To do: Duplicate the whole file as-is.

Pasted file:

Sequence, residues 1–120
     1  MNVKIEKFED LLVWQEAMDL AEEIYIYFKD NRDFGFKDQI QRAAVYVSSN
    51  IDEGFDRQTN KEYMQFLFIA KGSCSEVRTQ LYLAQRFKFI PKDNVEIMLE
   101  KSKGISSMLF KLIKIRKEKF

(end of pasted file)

Sequence, residues 1–120
     1  MNVKIEKFED LLVWQEAMDL AEEIYIYFKD NRDFGFKDQI QRAAVYVSSN
    51  IDEGFDRQTN KEYMQFLFIA KGSCSEVRTQ LYLAQRFKFI PKDNVEIMLE
   101  KSKGISSMLF KLIKIRKEKF